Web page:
The tragic situation hit her so hard, but Sarah revealed she had to make a comeback to make her family’s dream come true.
Asked why she returned to football, the 28-year-old said: “Well..for the love of the game. I realised I had to make our dreams come true.”
Sarah currently captains Osun Stars in the Nigeria Women Football League (NWFL). The league was on a break for most parts last year, but the centre-back revealed they were paid despite the financial strain as a result of Covid-19.
Also Read: A Rare Sight Of A Family Fully Behind Their Girl Child Football Career
However, the 28-year-old insists there are still many challenges facing women footballers in Nigeria- one which is gender discrimination.
“I think first of all there’s gender discrimination,” Sarah said. Female footballers are not taken as serious as their male counterparts in terms of almost everything.”
“I agree that it’s a male-dominated sport, but the fact that females do it too should at least be enough to be given fair chances in all aspects.”
When asked to clarify, she said; Welfare package. The pay is far below. Except for teams like Edo Queens that is paying almost as much as the male team in the state, we have responsibilities too, some of us are actually breadwinners.
“And in Nigeria, in this sport, there is no pension. What you get now is what is yours. As female athletes, we cannot play as long as the men, we have our limits.”
Pressed on the average salary of an NWFL player, Sarah refused to answer. However, our sources gather that some of the players are paid as low as ₦30,000
The Osun stars also revealed her career has affected her relationships with distance a problem, while some men think sports don’t allow women to get married or give birth.
“You know sometimes you are not in the same place as your partner, and for so long, it can cause a breakdown, Sarah said.”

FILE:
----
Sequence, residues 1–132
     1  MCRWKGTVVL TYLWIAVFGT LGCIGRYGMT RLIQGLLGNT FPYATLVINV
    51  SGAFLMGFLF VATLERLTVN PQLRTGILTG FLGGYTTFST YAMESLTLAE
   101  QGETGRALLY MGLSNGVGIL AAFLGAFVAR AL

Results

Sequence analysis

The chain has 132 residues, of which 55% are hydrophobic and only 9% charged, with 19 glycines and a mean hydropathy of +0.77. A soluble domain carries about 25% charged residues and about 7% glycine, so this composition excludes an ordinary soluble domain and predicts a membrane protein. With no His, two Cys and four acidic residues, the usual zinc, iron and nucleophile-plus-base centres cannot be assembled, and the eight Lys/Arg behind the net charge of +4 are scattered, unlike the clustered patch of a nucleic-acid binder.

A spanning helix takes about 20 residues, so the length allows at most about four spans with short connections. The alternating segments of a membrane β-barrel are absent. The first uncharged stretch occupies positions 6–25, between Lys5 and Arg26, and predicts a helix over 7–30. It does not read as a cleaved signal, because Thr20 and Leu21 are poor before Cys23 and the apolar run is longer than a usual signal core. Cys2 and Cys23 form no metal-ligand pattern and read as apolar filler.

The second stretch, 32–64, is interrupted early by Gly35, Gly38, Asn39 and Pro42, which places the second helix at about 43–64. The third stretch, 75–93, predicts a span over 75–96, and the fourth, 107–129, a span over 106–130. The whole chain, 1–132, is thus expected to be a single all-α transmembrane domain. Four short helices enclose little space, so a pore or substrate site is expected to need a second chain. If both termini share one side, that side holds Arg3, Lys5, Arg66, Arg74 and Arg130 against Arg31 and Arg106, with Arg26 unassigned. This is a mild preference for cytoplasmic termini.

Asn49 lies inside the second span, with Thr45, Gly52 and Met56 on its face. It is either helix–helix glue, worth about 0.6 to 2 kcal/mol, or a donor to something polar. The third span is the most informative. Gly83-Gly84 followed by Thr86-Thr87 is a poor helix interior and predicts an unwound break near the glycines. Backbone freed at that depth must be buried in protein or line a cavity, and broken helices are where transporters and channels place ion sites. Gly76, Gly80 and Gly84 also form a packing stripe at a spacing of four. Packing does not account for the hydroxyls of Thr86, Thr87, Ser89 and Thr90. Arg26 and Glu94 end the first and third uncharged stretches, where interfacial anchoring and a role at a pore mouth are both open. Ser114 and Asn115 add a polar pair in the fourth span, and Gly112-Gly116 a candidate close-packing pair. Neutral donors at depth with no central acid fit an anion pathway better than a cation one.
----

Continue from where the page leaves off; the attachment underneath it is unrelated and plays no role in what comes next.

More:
“Some of them seem to think sport doesn’t allow women to get married or be able to have children,” She added.
FIFA recently introduced a rule that guarantees female footballers to have maternity leave and also retain their job. But Sarah says clubs look at a player differently once she gives birth, but that doesn’t happen to the men.
“About children, once a lady gets pregnant, they don’t see her as someone that can play football anymore,” she said.
“But the male counterparts, some of them have families, they get married, they have children. But as a female player, it’s hard for you to have a child and still continue playing. They just see you as you are done.”
“So that’s another challenge we female footballers face. Because of that, we have to wait for too long before getting married, and it affects relationships.”
Nonetheless, Sara insists she would love to get married and have kids, while she would also love to play in England and the United States.
“I desire to play in the FA Women’s Super League (WSL) or the league in the United States (The National Women’s Soccer League).” I totally love the U.S women’s national team.”
Talking about role models, Sarah cited the legendary Mia Hamm, Perpetual Nkwocha, Akudo Sabi and the late Ifeanyi Chiejine as her influences.